Reviews// Fallout New Vegas

Posted 9 Nov 2010 17:06 by
Nuclear war is a bitch, isn't it? Not only are most living things now dust, but without warning you find yourself buried alive with a bullet in your skull. To top it all off, the bloke who put it there is an over-dramatic prick in a laughable suit.

...and that is where Fallout New Vegas begins.

Despite the opening cutscene being one of my favourite in any game, it feels like a poor set-up. Maybe it's because we've already been introduced to the world around us in Fallout 3 - but this feels a little too straightforward.

This time, we're treated to a lazy way of defining your character. There's a doctor who not only is able to fix your face up to whatever aesthetic standard you adhere to, but can also shape your personality by showing you a few Rorschach ink blotches and asking the word association questions.

New Vegas misses the build up that was there in Fallout 3 and this makes it harder to fall in love with. I was expecting something that a game set in a post-Apocalyptic Las Vegas deserves. I was not expecting the sort of intro that leaves you sighing when you first exit the doctor's home into the wasteland. Sighing not out of disappointment as such; more with frustration at the missed opportunity.

Cruel World
However, the more you move away from your spawn town of Goodsprings, the more the bitter after-taste of the opening soon becomes the sweet taste of Fallout. Within no time at all you'll find yourself walking through the wasteland on a mission of revenge.... ...shitting yourself during every step.

Loneliness: that's a large part of Fallout that I had forgotten in the two years New Vegas has taken to come out. How lonely it feels. How useless you are. The opening hours of Fallout are nerve wrecking, they make for a jumpy experience that is so intense that you'll have to take a 20 minute break after every hour of play – LIKE YOU'RE SUPPOSED TO!

One of the only real steps forward that New Vegas has made over Fallout 3 lies within the characters that exist in the messed up world. Despite each town feeling less enclosed than those in Washington, you get a sense of community that seemed missing from the previous game. Within moments of entering any 'city' you'll know enough characters and back stories to start building your own opinions on people.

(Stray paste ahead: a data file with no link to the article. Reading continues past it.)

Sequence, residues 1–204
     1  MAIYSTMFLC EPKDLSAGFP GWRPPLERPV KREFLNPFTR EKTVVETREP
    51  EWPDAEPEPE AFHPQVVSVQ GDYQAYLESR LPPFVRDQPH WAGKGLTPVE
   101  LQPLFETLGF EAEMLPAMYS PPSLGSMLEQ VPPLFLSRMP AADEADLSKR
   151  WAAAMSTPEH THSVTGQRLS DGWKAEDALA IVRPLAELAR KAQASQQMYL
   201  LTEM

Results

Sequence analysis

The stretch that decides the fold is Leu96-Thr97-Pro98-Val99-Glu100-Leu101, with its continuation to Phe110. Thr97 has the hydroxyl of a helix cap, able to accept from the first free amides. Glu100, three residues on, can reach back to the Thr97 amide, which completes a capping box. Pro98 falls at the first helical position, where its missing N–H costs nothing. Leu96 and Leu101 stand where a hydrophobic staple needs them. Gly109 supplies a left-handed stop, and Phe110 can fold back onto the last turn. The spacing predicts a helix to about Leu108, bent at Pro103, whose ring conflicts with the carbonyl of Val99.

Fallout 3 seemed to try and swamp you with sub-plots and needless characters, but the scaled back cast of New Vegas means that you can spend valuable brain power working out who to trust... rather than wasting its precious resource on remembering pointless names. You feel more involved in communities, and because of that you feel the need to help out more with side-quests and tasks set to you by some of the people you trust.

A Book!?
The main quest is a lot more fun too. No longer are you following the trail of your runaway Dad, being sent from city to city only to be told, “Well he's been through here, but the princess is in another castle”. In fact you feel a little more like a detective, tracking down your failed killer. Sure, you're still being sent from city to city but as you move towards New Vegas in your hunt, you have to take it upon yourself to find out as much as you can about your target before moving on.

At times it feels like a book that you can't put down. There always seems to be the next big reveal around the corner. Once you grow into a stronger, levelled-up character and your fear of enemies disappears, you'll soon find your one hour sessions growing, and your time in the real world melting away around you. You'll also find dark rings around your eyes and an energy drink in your hand as you sit down at work the next day.
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Cfan 12 Nov 2010 20:06
Pretty much agree with the conclusion. not speaking of bugs but the game as a whole could of done with a bit more polishing and less of the invisible walls at the tops of the cliffs.
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